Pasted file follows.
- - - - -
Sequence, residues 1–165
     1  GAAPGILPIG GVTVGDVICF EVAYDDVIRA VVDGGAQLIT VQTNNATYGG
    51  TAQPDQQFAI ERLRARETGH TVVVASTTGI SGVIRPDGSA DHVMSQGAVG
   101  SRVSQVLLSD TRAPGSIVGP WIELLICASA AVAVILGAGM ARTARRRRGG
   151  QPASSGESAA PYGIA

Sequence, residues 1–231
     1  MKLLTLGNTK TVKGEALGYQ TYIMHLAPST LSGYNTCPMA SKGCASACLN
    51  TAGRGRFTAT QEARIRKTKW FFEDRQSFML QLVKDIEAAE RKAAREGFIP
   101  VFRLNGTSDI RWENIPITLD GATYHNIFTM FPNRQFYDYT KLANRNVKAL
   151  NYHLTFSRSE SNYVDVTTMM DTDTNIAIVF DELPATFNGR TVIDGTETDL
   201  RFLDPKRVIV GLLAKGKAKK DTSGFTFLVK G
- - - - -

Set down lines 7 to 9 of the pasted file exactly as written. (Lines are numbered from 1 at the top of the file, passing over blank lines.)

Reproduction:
     1  MKLLTLGNTK TVKGEALGYQ TYIMHLAPST LSGYNTCPMA SKGCASACLN
    51  TAGRGRFTAT QEARIRKTKW FFEDRQSFML QLVKDIEAAE RKAAREGFIP
   101  VFRLNGTSDI RWENIPITLD GATYHNIFTM FPNRQFYDYT KLANRNVKAL